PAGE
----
They met as toddlers at daycare, my little E-man and his buddy Cash. (name has been changed)
For at least two years, these little boys shared a Thomas obsession. They were inseparable, whether playing trains or leaping off the playground swings.
On the first day of kindergarten, the E-man was delighted to learn that Cash was in his class. And they were assigned to the same table. Cash, on the verge of tears when he entered the room, promptly forgot his terror when he saw his best friend sitting there.
Two months passed.
And then — “Cash broke up with me,” the E-man declared one evening.”He said he’s not my friend anymore.”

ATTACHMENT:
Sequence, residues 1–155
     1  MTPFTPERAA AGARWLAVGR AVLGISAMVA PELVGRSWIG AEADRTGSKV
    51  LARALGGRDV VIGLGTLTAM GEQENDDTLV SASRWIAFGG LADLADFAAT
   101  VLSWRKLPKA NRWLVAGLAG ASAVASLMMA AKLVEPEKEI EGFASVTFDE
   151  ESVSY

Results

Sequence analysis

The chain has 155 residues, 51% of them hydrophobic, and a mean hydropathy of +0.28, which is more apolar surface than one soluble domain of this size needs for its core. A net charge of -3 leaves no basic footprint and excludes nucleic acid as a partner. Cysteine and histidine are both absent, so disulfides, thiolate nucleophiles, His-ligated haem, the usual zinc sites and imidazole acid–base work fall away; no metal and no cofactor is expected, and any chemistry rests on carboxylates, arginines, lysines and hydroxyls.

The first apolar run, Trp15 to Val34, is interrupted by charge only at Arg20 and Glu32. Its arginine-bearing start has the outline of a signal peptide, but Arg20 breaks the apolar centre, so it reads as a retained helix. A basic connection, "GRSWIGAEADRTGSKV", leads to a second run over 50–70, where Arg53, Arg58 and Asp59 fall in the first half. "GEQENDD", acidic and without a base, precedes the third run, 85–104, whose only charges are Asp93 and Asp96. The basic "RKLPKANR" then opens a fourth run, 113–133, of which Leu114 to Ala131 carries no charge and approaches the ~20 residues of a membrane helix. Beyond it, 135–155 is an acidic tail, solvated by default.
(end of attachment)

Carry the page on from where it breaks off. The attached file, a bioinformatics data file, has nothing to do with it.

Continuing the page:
“Oh, I’m sure he doesn’t mean it,” I replied.
But he did.
And the E-man has been inconsolable.
It’s tough, watching my little guy suffer through the loss of his first friendship.
It doesn’t help that the two boys attend the same aftercare program.
Cash plays video games with the bigger boys. And the E-man mopes.
I expected this with Tootie. Little girls’ allegiances are made up of shifting sands.
But boys? I thought their friendships were sturdier.
I thought wrong.